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Carn Brea Castle in Cornwall

Carn Brea Castle in Cornwall

Carn Brea is a granite hilltop in Cornwall England which was inhabited by Neolithic gatherers and farmers from 3700 to 3400 BC.  A huge number of flint arrowheads and a suffusion of ancient timbers turned to charcoal suggest that the hill was the site of an ancient battle. Later, during the iron age, the hilltop was the site of a mine and an imposing stone hill fort which contained various pits for storing metals. In fact, in the eighteenth century a hoard of gold coins minted by the Cantiaci—a Kentish tribe–was discovered hidden in one of the pits.

Carn Brea Castle by Tristan Barratt

Carn Brea Castle by Tristan Barratt

In 1379, a Gothic chapel was erected at the site and dedicated to Saint Michael.  The small chapel was substantially rebuilt and repurposed as a hunting lodge by the Basset family (local nobles who were heavily involved in mining and politics).  The tininess of the little castle/lodge gives special emphasis to its unique folly construction: the masonry is integrated with huge natural granite erratic boulders which make up the building’s foundation.  The effect is that the castle is growing out of the ground like something from a fairytale—an impression which is augmented by the Gothic architectural style.  During the golden age of sail, the castle was used as a navigation beacon and a light was always kept lit in a room visible from the coasts.

Carn Brea Castle by Mr Tickle - Wachoo Wachoo Tribe Congressman

Carn Brea Castle by Mr Tickle – Wachoo Wachoo Tribe Congressman

The pictures I have used so far give a strong impression of the solitude and wildness of the lovely Cornish landscape, however, these final images forcefully reveal that the castle now sits in the middle of gentle suburban England.  Since contemporary Cornish folk have little need for light houses and hunting lodges and chapels to Saint Michael, the gothic keep has been repurposed once again—as a middle eastern restaurant!

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The Crown of Saint Wenceslas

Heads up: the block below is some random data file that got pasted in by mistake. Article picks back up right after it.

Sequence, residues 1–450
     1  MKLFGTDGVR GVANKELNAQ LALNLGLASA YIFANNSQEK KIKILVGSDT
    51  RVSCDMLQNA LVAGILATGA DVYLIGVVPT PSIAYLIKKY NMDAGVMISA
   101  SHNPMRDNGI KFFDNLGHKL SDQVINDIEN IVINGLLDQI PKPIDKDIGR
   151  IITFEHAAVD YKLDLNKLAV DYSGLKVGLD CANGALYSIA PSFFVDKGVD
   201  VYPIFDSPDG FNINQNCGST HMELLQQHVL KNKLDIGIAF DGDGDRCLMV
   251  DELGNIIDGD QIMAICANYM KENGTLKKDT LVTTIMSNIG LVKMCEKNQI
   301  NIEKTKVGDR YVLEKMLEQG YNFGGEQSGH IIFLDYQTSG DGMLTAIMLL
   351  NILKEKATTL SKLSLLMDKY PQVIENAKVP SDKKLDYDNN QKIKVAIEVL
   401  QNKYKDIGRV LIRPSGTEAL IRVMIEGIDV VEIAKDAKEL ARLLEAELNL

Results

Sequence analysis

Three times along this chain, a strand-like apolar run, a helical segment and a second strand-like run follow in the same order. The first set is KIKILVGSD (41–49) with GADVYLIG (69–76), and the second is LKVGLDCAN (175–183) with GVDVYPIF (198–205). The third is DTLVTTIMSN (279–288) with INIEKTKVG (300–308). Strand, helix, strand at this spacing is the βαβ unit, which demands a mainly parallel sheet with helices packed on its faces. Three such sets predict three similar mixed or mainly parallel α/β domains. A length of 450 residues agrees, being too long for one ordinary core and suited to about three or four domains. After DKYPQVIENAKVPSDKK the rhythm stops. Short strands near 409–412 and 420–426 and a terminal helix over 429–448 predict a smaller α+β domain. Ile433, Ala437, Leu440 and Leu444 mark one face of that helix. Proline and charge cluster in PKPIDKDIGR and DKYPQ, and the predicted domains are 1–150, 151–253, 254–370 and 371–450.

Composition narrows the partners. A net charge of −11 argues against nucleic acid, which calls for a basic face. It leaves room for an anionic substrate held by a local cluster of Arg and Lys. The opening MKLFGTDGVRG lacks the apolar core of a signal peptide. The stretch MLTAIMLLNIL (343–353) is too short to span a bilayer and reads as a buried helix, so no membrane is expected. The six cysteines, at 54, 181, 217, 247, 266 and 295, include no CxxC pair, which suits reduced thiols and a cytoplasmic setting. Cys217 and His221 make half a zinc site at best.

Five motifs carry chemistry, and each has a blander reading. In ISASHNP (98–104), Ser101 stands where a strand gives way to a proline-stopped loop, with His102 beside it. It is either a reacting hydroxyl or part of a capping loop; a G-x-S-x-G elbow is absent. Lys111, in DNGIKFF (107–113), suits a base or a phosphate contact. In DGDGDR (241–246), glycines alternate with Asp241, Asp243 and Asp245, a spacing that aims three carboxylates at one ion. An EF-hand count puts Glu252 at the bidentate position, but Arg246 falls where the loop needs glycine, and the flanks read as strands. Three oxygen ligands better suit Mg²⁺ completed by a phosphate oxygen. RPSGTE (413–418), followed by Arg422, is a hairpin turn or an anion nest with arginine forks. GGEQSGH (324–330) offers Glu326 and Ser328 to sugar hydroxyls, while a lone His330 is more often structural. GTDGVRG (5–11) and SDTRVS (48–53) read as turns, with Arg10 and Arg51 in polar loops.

A large number of the medieval crowns from Central Europe have gone missing over the years. These objects get snatched up and melted down by Prussians–like the crown of Bolesław–or they surreptitiously vanish from history forever like the beautiful crown of Zvonimir. Even the pieces that survive, such as the famous crown of St. Stephen, tend to go on strange adventures and end up in the hands of Jimmy Carter.

Not so the ancient crown of Saint Wenceslas, which was used in the coronation ceremonies for the kings of Bohemia.  That crown is locked up tight in a secret chamber in a secret chapel in the huge cathedral of Saint Vitus.  Seven Czech high officials possess keys—all of which must be used together.  Perhaps it is well that the crown is locked up so tightly—it is said to lie under a magic curse.

The Crown of Saint Wenceslas (a different angle)

The crown was made in 1347 for the eleventh king of Bohemia (and Holy Roman Emperor) Charles IV.  It is wrought of extremely pure gold and decorated with 19 sapphires, 44 spinels, 1 ruby, 30 emeralds and 20 pearls.  Charles dedicated the crown to Saint Wenceslas, the patron saint of Bohemia, and it is believed the Saint cannot abide any usurper to wear the crown (Saint Wenceslas was presumed to harbor a grudge about usurpers, having been murdered for a crown by his own brother).  Allegedly the Saint will smite down any unworthy soul who dons the crown within a year after he puts it on (the usurper that is—not Saint Wenceslas).It is rumored that Reinhard Heydrich, AKA “The Hangman”, the ruthless Nazi official in charge of the annexed portions of Czechoslovakia (which included St. Vitus Cathedral) could not risk the allure of the crown and secretly placed it on his head during a conqueror’s tour of St. Wenceslas Chapel. Heydrich was a favorite of Hitler’s who was heard to remark “We will Germanize the Czech vermin.” But he didn’t have much of a chance for Germanizing anyone–he was mortally wounded by British-trained Czech commandos in the awesomely named “Operation Anthropoid” less than a year after his tour of St. Vitus—a colorful and lurid tale for a colorful and lurid treasure.

The Skull of Saint Wenceslas wearing a Premyslid Eagle Circlet--Patron Saint of Bohemia, Brewing, Fuel-giving, & Nazi-killing

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